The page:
They don’t live on my bed – too much ribbon and lace to tempt the cats into mayhem. They reside in an upstairs closet until the day that I have a guest room, and then they will live on that bed.
They make me happy.
Tags: ceramic, childhood mementos, frog, froggy
I have very, very few mementos of my early childhood. VERY few. When my mother passed away and I went to live with my grandmother, my sister (then 18) moved into my mother’s home. She lived a lifestyle that was, shall we say, less than gentle on my mother’s possessions. And, too, she was a teenager, with a teen’s lack of respect or care for preserving family mementos. Then, there was a fire that destroyed much of what should have been cherished. My sister salvaged some, and my grandmother had some. Now some is just kind of scattered around Grandma’s house, now inhabited by my Uncle Fred and his girlfriend Simone.
My mother enjoyed “doing” ceramics. She was all about those ceramic rooster statues and wall hangings that were all the rage back in the 70’s (like these – not mine, photo courtesy of Flickr Creative Commons). She also loved to make ceramic frogs, like the one I wrote about previously, and this little guy pictured above.
The sponge frog lived under my mother’s sink, and held brillo pads and scrubby things. I remember it starkly, clearly, vividly – a background detail of my childhood that never really jumped to the forefront of my mind until I saw this little guy under the sink at Grandma’s house, back when Bill and I stayed there in July (hmm, I have yet to write that installment of the Maine Saga).
I kind of squee’d, “Hey, I remember that frog!” Simone leaned over my shoulder to see where I was pointing, and said, “Oh, yes, that was your mother’s, would you like to take it home with you?”
UM. YES PLEASE.
So, now he lives on TOP of my sink, holding my kitchen sponge. I look at that little froggy and I think, what a strange thing life is. My mom made him in Maine in the 70’s, he lived under her sink for years, he survived a fire AND my sister, wound up at my Grandmother’s somehow, lived under HER sink for years, and now he’s in Arizona. Fulfilling his froggy duty as a fixture on MY sink.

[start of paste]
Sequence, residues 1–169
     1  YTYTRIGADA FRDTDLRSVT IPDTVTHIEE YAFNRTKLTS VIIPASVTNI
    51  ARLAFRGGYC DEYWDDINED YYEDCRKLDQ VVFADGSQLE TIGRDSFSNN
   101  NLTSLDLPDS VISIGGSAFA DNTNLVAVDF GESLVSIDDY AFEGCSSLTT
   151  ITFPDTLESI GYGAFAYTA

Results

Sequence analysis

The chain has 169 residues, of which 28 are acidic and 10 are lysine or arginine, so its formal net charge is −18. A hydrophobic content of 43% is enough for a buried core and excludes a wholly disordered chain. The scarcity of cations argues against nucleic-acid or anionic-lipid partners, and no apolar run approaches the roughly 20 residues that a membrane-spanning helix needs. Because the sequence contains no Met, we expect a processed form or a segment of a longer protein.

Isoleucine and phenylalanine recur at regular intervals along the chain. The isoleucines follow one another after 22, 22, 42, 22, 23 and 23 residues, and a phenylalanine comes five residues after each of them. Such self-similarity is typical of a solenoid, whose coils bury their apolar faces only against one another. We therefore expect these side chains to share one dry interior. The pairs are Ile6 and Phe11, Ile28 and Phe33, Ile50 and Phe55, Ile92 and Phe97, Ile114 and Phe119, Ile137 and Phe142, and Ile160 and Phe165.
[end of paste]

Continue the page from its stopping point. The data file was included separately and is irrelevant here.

I don’t know. He just makes me happy.
Tags: friendship, Grandma, Heather, nablopomo, necklace
Heather and I share a “Bad Anniversary” – that of the death of her mother, and the death of my grandmother. They both passed away at about the same time, in the same year, and it was one of the shared life experiences that helped us bond as friends. So, each year we commiserate with one another, usually with phone calls and “Thinking of you!” e-mails.
This year, though, she went above and beyond the call of friendship. She gave me a head’s up to expect a package in the mail, but didn’t tell me what it was. So, it was waiting for me in my mailbox when I checked it before work one morning. I sat in the idling car, and opened up the package. I saw… a domino on a chain. Puzzled, I didn’t inspect the package, but went for the card that Heather had enclosed. She mentioned that the picture of my grandmother had always been one of her favorites (this one). I had a, “Huh?” moment, then pulled the necklace out of its little package. It spun around, and I saw the picture of Grandma.
I’ve never smiled and cried all together in an instant, before. It was a unique experience. Now, every time I wear the necklace (which is most days), it completely warms my heart that I have such a beloved, thoughtful friend in Heather. She made that necklace, and I LOVE hand-made gifts. I just think they have so much more meaning than anything bought in a store. Which sucks for MY friends, because I have no crafty talent to speak of. I DO love you guys, though.
Anyway, now I can carry my Grandma’s picture around with me wherever I go, which Heather knew I would LOVE. I thanked her before, but I’ll thank her again. Heather, you are so wonderful! Thank you so much. I am truly, entirely blessed to have you in my life.